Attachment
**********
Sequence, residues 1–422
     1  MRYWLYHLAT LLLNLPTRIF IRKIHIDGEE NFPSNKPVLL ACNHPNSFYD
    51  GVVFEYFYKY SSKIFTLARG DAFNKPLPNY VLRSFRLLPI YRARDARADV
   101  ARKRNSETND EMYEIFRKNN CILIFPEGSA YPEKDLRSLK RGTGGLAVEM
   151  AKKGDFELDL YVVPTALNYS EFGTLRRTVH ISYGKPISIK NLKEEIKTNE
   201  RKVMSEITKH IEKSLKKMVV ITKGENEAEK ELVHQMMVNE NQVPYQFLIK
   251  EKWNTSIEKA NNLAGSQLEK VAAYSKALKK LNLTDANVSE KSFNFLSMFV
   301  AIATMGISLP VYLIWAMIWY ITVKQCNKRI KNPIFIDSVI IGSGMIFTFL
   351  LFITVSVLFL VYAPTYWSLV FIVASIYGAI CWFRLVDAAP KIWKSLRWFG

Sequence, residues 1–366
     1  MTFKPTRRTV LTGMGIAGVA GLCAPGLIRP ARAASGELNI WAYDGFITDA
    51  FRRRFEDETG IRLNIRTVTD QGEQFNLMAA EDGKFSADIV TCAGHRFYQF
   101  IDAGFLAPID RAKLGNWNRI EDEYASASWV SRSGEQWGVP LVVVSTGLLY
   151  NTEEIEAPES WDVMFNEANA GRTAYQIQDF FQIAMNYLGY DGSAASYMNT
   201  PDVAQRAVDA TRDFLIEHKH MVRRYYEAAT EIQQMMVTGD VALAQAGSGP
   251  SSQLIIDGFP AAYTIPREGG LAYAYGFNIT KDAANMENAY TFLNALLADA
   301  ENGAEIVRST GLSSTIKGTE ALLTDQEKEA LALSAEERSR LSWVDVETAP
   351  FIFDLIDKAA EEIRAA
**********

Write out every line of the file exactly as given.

Sequence, residues 1–422
     1  MRYWLYHLAT LLLNLPTRIF IRKIHIDGEE NFPSNKPVLL ACNHPNSFYD
    51  GVVFEYFYKY SSKIFTLARG DAFNKPLPNY VLRSFRLLPI YRARDARADV
   101  ARKRNSETND EMYEIFRKNN CILIFPEGSA YPEKDLRSLK RGTGGLAVEM
   151  AKKGDFELDL YVVPTALNYS EFGTLRRTVH ISYGKPISIK NLKEEIKTNE
   201  RKVMSEITKH IEKSLKKMVV ITKGENEAEK ELVHQMMVNE NQVPYQFLIK
   251  EKWNTSIEKA NNLAGSQLEK VAAYSKALKK LNLTDANVSE KSFNFLSMFV
   301  AIATMGISLP VYLIWAMIWY ITVKQCNKRI KNPIFIDSVI IGSGMIFTFL
   351  LFITVSVLFL VYAPTYWSLV FIVASIYGAI CWFRLVDAAP KIWKSLRWFG

Sequence, residues 1–366
     1  MTFKPTRRTV LTGMGIAGVA GLCAPGLIRP ARAASGELNI WAYDGFITDA
    51  FRRRFEDETG IRLNIRTVTD QGEQFNLMAA EDGKFSADIV TCAGHRFYQF
   101  IDAGFLAPID RAKLGNWNRI EDEYASASWV SRSGEQWGVP LVVVSTGLLY
   151  NTEEIEAPES WDVMFNEANA GRTAYQIQDF FQIAMNYLGY DGSAASYMNT
   201  PDVAQRAVDA TRDFLIEHKH MVRRYYEAAT EIQQMMVTGD VALAQAGSGP
   251  SSQLIIDGFP AAYTIPREGG LAYAYGFNIT KDAANMENAY TFLNALLADA
   301  ENGAEIVRST GLSSTIKGTE ALLTDQEKEA LALSAEERSR LSWVDVETAP
   351  FIFDLIDKAA EEIRAA